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Save the Date October 24th
AIR Programs Annual Banquet honoring our Students, Mentors and Community!

AIR Programs Banquet 2019
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We would like to congratulate our AIR Program Student Honorees for their excellence in Academics, Community and Cultural participation, and their Leadership.

Today we Announce our Honorees:

Cheyenne Faulkner (Lumbee)
Amaya Esparza (Apachee/Zapoteca/Mixteca)
Nagavohma Lomayesva (Hopi/Kumeyaay)

2019 Student Awardees

Thank you to everyone who made our Summer 2019
a great success!!!

AIR Sum 19 Group

News for Students - (Friday Morning):

Napping is good:
Indian Country:


Uranium mine water permits spur call for help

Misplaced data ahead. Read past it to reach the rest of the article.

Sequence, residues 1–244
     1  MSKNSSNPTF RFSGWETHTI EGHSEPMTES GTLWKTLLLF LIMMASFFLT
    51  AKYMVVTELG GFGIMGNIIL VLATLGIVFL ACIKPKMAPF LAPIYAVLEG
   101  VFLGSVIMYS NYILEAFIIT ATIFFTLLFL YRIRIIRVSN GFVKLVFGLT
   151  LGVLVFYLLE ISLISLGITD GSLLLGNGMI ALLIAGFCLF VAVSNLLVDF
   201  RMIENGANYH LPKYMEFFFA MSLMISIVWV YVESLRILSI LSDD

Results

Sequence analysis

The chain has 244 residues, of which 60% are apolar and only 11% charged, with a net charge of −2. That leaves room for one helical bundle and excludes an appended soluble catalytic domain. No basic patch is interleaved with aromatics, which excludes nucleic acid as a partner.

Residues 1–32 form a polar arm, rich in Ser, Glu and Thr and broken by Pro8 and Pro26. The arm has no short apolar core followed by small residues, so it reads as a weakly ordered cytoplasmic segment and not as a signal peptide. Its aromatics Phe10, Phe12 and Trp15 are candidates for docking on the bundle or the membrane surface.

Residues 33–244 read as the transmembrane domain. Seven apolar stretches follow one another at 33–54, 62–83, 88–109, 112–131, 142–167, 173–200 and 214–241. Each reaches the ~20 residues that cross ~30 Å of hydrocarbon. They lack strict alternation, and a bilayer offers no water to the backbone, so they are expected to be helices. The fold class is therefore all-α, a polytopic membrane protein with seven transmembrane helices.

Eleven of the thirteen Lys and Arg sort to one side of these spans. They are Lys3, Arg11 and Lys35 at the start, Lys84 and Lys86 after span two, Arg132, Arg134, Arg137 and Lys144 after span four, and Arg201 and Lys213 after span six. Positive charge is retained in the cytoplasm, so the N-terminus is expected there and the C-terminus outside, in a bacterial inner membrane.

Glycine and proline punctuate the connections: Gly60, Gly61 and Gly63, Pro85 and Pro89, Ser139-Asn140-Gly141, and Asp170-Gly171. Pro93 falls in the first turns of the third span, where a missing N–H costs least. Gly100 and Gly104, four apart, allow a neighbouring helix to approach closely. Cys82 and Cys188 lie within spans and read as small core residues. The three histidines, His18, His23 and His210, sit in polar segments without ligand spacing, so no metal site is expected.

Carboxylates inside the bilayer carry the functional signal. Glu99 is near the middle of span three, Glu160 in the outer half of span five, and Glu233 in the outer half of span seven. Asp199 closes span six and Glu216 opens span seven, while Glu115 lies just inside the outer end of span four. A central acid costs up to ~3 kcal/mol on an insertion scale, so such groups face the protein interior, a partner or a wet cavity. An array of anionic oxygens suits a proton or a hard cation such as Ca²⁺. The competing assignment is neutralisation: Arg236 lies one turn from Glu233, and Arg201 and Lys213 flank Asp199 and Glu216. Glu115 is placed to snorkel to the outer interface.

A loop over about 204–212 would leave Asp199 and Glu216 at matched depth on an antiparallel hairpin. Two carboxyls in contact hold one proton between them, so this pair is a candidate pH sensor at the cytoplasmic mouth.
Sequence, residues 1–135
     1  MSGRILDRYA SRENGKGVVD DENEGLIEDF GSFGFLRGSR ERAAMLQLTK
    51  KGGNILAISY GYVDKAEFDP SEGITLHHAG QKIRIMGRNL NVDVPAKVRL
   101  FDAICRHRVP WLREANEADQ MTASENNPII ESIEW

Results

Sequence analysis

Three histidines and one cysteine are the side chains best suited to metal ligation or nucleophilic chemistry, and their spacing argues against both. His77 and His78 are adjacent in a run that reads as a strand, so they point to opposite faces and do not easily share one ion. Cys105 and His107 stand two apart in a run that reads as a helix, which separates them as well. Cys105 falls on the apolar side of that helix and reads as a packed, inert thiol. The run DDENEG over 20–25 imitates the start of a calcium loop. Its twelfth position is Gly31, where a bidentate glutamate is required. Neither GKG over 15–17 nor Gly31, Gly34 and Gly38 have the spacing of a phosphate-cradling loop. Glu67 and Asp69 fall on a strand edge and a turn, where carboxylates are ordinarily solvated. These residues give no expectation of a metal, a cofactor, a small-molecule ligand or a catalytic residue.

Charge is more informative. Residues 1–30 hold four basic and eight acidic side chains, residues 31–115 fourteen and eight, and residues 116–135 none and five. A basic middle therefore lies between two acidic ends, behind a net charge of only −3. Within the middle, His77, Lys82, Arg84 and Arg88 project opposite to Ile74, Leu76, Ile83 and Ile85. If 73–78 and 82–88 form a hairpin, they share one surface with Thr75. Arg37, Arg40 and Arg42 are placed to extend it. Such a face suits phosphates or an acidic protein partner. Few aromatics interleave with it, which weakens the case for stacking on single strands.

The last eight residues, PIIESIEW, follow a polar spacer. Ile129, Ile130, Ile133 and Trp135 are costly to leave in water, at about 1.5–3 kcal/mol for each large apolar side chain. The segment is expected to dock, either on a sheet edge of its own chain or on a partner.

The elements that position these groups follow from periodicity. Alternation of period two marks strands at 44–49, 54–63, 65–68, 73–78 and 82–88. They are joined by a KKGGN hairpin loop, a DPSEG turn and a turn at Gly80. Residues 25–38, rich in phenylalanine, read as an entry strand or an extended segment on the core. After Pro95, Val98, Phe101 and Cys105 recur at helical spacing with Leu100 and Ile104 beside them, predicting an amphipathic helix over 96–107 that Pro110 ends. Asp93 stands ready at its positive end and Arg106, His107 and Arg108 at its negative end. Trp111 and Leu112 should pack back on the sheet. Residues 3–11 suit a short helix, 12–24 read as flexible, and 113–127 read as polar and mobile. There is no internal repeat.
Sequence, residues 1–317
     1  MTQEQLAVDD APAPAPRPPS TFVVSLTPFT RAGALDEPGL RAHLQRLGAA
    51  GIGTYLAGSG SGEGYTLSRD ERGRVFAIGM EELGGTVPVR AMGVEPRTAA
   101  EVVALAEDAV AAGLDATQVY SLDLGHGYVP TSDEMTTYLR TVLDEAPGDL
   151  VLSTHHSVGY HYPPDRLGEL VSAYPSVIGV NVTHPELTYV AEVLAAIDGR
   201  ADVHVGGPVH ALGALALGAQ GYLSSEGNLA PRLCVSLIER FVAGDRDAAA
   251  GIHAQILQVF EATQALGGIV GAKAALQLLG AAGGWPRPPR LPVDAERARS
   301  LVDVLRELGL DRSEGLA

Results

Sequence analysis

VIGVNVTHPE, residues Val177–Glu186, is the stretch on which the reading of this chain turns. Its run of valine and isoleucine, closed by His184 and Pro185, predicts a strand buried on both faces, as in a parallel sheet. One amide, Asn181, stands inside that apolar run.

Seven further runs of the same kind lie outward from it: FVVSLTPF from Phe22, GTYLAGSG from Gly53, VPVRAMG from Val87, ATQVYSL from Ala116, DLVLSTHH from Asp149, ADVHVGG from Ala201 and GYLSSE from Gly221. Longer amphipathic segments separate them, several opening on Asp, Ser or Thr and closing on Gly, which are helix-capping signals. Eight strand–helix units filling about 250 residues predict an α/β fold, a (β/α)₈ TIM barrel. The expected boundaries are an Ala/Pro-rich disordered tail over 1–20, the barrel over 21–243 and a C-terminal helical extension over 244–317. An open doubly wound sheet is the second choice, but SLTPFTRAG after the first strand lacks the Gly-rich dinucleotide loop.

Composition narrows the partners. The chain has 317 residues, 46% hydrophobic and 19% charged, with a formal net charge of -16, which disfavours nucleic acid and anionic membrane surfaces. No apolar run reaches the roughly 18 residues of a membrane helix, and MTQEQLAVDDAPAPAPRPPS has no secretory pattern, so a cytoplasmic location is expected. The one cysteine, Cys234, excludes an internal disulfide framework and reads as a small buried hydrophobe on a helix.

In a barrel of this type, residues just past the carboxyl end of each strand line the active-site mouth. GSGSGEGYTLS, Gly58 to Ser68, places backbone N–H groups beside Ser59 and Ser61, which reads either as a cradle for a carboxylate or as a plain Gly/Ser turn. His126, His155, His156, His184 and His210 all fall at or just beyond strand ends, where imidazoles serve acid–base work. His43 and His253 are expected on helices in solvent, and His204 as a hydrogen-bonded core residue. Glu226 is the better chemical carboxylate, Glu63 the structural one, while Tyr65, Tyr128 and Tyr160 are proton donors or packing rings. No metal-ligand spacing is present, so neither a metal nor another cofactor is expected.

By Staff | on September 10, 2019
By Talli Nauman

RAPID CITY – The Western Mining Action Network is circulating a call that asks for help from tribal members and clean energy advocates to delay EPA water permit hearings over the proposed Dewey-Burdock Project, which aims to leach radioactive uranium from aquifers in the unceded treaty territory of the Black Hills for private production of nuclear power and weaponry.
The Sept. 8 call went out to members of the network’s Uranium Caucus, among them people from at least six states and five native nations involved in the Inter-Mountain West Uranium and Water Summit held here for the first time in April 2016.